TAMPA — Erich Campbell says he doesn't dislike cops, and he isn't on a mission. He just hates seeing law enforcement zip by him on the road, speeding without lights or sirens, sometimes cutting off other cars.
It seems hypocritical, he says, and dangerous.
"It's one of my pet peeves," said Campbell, 40.
But that isn't why he bought the dashboard cameras and installed them years ago. He did that as a precaution: If he was in an accident or pulled over for any reason, he wanted evidence that could back up his statements.
Still, the cameras rolled, always.
Eventually, they recorded a Pasco County sheriff's deputy going 92 miles per hour in a 55-mph zone, then tailgating some motorists. The car's lights and sirens were not on.
He recorded a Hillsborough sheriff's deputy speeding and cutting off cars on U.S. 41 on a rainy day. He caught a Tampa police officer going 73 mph in a 50-mph zone — in Pasco.
Last month, he recorded an unmarked city of Tampa vehicle going at least 102 mph in Lutz.
He posts the videos on YouTube and also sometimes contacts the agencies. Campbell is usually told the speeding is not acceptable and internal investigations will be launched.
Tampa is investigating Fire Rescue spokesman Henry Williams for driving 102 mph on U.S. 41 in Lutz on Dec. 4, records show.
"The video has been placed on YouTube and shines a negative light on Tampa Fire Rescue," a notice sent to Williams states.
Williams declined to comment Friday without getting permission from fire Chief Tom Forward. Williams, though, was overheard talking about the incident with a female colleague by a Tampa Bay Times reporter who received an accidental phone call from Williams' cellphone.
The spokesman was heard saying that Chief Forward admonished him but that it was not a problem.
"It will be all right," Williams said to the woman. "The good news for me, I'm a likable person."
• • •
This isn't the first time Campbell has taken on law enforcement "on principle."
In 2009, he flashed his lights on a busy Tampa highway to warn motorists of a speed trap ahead. The Florida Highway Patrol ticketed him, saying flashing vehicle lights is illegal.
Contending that no such law exists, Campbell sued on behalf of every other driver in Florida ticketed for the same violation over six years. A judge eventually threw out the lawsuit, but Campbell still won in a way, because the FHP stopped writing those tickets.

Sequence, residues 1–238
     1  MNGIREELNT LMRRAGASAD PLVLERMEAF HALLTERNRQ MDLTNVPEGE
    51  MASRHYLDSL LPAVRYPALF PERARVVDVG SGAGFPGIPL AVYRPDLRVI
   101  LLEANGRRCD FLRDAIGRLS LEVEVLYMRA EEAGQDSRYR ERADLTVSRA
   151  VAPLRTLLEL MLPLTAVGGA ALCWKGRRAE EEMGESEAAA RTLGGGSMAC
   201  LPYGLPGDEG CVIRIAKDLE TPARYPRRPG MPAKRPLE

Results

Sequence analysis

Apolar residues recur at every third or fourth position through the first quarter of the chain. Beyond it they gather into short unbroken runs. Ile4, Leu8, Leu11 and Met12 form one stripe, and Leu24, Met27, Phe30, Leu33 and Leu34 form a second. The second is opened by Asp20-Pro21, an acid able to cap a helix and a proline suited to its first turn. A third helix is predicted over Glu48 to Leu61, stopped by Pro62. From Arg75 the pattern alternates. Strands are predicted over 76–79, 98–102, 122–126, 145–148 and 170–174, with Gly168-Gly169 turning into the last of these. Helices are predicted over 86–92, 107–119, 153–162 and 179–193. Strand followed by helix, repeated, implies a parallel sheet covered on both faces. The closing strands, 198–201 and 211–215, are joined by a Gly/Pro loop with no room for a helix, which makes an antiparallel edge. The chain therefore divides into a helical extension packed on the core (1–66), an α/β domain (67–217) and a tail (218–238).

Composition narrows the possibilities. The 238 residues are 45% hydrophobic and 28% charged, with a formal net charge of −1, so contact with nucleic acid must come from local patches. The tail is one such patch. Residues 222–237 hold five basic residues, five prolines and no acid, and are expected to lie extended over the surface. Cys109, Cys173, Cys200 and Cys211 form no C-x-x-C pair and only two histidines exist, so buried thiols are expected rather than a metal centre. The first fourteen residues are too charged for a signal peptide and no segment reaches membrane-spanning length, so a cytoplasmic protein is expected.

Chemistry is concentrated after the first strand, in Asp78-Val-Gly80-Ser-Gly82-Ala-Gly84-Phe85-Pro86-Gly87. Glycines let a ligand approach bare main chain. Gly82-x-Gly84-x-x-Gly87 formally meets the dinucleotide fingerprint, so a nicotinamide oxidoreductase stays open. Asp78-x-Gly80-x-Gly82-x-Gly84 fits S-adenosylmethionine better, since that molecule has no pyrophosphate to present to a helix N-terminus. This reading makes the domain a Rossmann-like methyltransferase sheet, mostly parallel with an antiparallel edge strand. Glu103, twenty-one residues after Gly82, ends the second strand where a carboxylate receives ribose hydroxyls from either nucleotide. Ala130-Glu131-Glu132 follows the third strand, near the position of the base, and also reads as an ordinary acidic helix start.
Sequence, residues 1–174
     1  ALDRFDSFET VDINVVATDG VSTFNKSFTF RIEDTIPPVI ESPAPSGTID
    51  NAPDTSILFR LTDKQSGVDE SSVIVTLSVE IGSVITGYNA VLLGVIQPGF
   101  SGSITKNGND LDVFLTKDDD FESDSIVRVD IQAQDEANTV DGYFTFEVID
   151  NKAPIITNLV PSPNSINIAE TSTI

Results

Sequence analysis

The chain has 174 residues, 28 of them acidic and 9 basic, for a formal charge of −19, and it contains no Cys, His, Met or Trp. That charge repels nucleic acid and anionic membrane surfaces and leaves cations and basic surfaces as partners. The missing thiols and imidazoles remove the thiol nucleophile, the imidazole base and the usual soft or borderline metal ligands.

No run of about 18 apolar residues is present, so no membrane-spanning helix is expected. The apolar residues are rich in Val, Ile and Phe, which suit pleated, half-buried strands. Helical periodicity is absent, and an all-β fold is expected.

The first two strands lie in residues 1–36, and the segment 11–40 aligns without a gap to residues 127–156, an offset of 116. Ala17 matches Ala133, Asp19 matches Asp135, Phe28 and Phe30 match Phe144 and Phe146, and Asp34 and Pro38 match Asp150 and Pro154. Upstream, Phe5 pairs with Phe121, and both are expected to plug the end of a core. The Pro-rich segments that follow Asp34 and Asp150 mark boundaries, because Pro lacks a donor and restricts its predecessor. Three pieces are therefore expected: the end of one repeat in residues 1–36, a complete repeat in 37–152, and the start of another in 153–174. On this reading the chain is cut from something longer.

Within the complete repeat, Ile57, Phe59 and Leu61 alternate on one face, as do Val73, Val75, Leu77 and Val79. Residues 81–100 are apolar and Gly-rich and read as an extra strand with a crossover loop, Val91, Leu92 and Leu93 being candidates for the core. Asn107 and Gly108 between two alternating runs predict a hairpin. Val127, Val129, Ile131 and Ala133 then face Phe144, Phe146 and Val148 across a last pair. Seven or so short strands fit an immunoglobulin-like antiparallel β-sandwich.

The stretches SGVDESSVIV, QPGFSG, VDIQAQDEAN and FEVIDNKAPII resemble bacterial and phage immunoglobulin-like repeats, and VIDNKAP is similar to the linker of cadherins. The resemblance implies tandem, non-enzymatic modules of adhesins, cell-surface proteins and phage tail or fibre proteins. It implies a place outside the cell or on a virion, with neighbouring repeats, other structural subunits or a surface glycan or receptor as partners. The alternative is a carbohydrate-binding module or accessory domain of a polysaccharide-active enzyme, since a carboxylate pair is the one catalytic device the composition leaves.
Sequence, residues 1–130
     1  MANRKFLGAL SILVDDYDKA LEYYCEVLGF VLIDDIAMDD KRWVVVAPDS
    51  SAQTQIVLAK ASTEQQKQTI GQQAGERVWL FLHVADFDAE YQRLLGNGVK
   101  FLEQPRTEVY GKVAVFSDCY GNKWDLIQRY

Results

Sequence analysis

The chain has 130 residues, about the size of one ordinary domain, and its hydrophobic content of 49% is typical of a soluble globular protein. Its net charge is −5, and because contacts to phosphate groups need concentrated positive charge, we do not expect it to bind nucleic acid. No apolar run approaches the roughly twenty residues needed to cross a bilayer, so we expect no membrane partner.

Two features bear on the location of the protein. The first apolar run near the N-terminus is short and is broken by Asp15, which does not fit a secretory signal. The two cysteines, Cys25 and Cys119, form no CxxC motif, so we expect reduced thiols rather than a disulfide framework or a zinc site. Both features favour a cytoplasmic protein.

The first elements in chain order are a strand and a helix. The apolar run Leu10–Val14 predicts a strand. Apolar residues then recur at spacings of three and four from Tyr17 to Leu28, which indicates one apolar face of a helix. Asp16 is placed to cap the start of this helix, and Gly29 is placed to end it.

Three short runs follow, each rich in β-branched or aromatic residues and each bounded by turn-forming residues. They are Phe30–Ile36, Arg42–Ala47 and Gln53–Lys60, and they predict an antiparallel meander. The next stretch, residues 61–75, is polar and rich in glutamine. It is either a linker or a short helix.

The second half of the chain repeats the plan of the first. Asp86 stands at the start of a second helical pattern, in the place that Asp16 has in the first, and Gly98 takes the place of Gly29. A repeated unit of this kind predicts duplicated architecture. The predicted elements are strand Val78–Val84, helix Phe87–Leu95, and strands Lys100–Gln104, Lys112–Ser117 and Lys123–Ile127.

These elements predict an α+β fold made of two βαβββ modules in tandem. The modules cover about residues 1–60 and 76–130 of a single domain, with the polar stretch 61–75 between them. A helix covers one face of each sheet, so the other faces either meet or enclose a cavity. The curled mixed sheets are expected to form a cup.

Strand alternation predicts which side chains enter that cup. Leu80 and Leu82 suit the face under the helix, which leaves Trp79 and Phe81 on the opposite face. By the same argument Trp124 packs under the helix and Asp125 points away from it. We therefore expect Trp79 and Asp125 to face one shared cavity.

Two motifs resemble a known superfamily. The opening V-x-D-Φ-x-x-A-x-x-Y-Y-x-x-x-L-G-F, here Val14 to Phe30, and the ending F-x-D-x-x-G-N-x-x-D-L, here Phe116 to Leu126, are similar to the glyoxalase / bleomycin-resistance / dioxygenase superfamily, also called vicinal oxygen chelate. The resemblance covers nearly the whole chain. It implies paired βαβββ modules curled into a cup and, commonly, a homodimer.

Campbell lives in Land O'Lakes with his wife, a doctor, and their 9-month-old son. He has never been arrested, state records show.
He doesn't want people to think he is against law enforcement. In most videos he includes the agency's response so it doesn't seem one-sided, he says. Viewers' comments swing from pro-law enforcement — the officer might have been on a call — to anti-police — he was rushing to a sale on doughnuts.
"My primary goal isn't to get anyone in trouble," Campbell said. "I'm just sick of this hypocrisy — this 'Do as I say, not as I do.' "
In addition to his four speeding videos, he has posted videos of crashes. In those cases, he first stops at the scene and offers to email a copy of the video to anyone involved who wants it.
He also has the "quadcopter," a little helicopter with four rotor blades and a camera. He has used it to record a crash only once — and only because it was by his home, where he keeps the device.
"That's kind of a little hobby thing, a toy that I play with," he said.
The dash cameras were inspired by a crash he was involved in in the late 1990s. He and his wife were stopped on a major road when a driver in front of him suddenly put her car in reverse and hit his car, he said.
The woman apologized, Campbell recalls, but as they waited for police, she changed her story. Campbell knew that it looked like his car had rear-ended hers, so both parties quickly made up a nonliability agreement and drove away.
"I thought, 'There's got to be a way to record, so you have an unbiased witness,' " he said.
• • •
Campbell doesn't drive around looking for speeding officers, he said. He simply captures it as it happens.
Law enforcement officers are allowed to speed without lights for some calls, so Campbell usually doesn't follow authorities when they are in their own jurisdiction. He followed Williams last month because it was a city car in Lutz.
He kept up as the unmarked Crown Victoria in front of him hit 100 mph.
"When I hit the train tracks just north of the apex on (U.S.) 41, the car kind of floated," Campbell said. "It made me nervous so I backed off."
Because Campbell has been using a pseudonym on YouTube and reporting the speeding as a "concerned citizen," officials had not linked the videos to him. For weeks, there has been chatter in local law enforcement communities: Who is this vigilante?
Forward, the Tampa fire chief, said Mayor Bob Buckhorn asked him that very question.
"I didn't think you could own that kind of equipment," Forward said. "I've never heard of anybody even wanting to do that."
The chief said he takes the allegations seriously, though he criticized Campbell's speed.
Last fall, after the Tampa police officer was recorded going 73 mph in Pasco, the department warned staffers about speeding.
"All personnel, especially those driving in marked units, should be aware that the public rightfully expects officers to obey all traffic regulations. … Social media now allows the public to promptly and anonymously report officers who appear to be violating traffic laws, and those reports are taken seriously by the chief and staff," a memo states.
Campbell has no plans to turn off his cameras. And he will keep posting whatever he finds interesting.
"I'm not an activist. I'm not seeking out trouble," he said, "though the older I get, the more cynical I become."
News researcher John Martin and staff writer Mark Puente contributed to this report.